• Research Center in Biodiversity and Genetic Resources

    InBIO Associate Laboratory

    Research Center in  Biodiversity and Genetic Resources
  • Research Center in Biodiversity and Genetic Resources

    InBIO Associate Laboratory

    Research Center in  Biodiversity and Genetic Resources
  • Research Center in Biodiversity and Genetic Resources

    InBIO Associate Laboratory

    Research Center in  Biodiversity and Genetic Resources
  • Research Center in Biodiversity and Genetic Resources

    InBIO Associate Laboratory

    Research Center in  Biodiversity and Genetic Resources
 

 

 

 
 
CIBIO-InBIO RESEARCHER INTERVIEWED FOR SCIENCE
CIBIO-InBIO researcher Joana Abrantes shared her opinion on the arrival of the new genotype of rabbit hemorrhagic disease virus to North America in an article for the Latest News of Science magazine.
 

A new genotype of rabbit hemorrhagic disease virus, commonly referred as RHDV2, emerged in France in 2010 and quickly spread in Europe, replacing former circulating strains. Compared to those strains, this new genotype has a broader host range, infecting also hares and cottontails, and is fatal to rabbits below 2 months of age that were typically resistant to the disease. Outbreaks of this new genotype caused important economic losses in rabbitries, as existing vaccines conferred only partial protection, and affected negatively the ecosystems’ biodiversity. The CIBIO-InBIO researcher has been following its evolution and epidemiology in the Iberian Peninsula since its detection in 2011, along with the impact in the Mediterranean ecossystem.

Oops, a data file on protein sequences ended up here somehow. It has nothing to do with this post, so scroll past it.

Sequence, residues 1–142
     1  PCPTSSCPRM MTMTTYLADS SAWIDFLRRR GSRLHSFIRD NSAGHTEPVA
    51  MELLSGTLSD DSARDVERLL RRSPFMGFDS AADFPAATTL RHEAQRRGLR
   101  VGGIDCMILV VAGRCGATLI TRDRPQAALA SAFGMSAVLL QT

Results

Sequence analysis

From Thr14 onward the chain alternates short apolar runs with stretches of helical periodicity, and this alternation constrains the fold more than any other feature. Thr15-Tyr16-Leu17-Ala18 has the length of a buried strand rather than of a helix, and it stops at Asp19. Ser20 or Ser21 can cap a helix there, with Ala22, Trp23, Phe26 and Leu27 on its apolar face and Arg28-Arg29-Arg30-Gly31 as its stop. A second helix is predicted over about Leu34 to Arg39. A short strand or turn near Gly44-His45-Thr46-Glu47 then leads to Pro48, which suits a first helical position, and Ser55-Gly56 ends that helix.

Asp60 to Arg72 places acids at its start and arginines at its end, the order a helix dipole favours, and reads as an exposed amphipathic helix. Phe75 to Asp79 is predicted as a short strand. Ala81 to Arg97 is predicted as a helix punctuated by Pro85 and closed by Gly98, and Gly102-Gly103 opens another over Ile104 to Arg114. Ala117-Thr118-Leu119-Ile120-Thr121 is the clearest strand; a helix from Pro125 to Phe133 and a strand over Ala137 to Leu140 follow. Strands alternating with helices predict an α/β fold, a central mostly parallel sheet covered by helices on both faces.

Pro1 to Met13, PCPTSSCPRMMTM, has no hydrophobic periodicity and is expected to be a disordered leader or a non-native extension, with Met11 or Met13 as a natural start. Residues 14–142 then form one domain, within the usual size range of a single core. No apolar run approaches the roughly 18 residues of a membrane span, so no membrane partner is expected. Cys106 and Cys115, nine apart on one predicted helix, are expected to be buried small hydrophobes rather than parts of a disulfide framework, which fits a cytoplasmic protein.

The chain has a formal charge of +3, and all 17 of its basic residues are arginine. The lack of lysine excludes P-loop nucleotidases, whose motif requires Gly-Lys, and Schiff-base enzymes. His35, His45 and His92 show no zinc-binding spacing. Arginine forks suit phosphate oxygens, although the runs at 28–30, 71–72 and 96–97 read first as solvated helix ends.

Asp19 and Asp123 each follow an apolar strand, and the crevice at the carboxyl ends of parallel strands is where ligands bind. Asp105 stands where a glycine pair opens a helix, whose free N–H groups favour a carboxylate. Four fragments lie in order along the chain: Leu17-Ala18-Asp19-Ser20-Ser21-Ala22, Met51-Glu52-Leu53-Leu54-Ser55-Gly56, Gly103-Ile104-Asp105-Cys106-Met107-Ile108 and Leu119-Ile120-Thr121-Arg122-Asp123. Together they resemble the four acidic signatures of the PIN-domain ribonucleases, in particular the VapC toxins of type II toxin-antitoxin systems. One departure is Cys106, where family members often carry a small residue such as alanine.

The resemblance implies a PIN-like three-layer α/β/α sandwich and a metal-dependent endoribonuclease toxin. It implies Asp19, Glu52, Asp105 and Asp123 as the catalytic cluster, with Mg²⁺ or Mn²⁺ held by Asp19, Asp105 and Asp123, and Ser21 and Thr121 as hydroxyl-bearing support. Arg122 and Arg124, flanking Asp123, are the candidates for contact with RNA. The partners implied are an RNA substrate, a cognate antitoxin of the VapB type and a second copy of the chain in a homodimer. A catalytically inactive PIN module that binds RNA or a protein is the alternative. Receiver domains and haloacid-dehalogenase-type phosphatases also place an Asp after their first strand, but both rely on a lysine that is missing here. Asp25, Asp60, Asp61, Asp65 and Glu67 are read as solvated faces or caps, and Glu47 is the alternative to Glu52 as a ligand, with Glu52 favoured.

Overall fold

In North America, the new genotype was first detected in 2018 in domestic rabbits, but is now affecting massively wild lagomorphs, including several hare and cottontail species. North American scientists fear its impact, particularly in American lagomorphs with fragile populations such as the pygmy and the volcano rabbits. Vaccination against this genotype with specific developed vaccines will be unfeasible to control virus spread in the wild, as “the stress induced by animal capture and manipulation is often lethal” as denoted by the CIBIO-InBIO researcher.

 

 

To access the article, please follow the link

 
Posted in 2020-05-29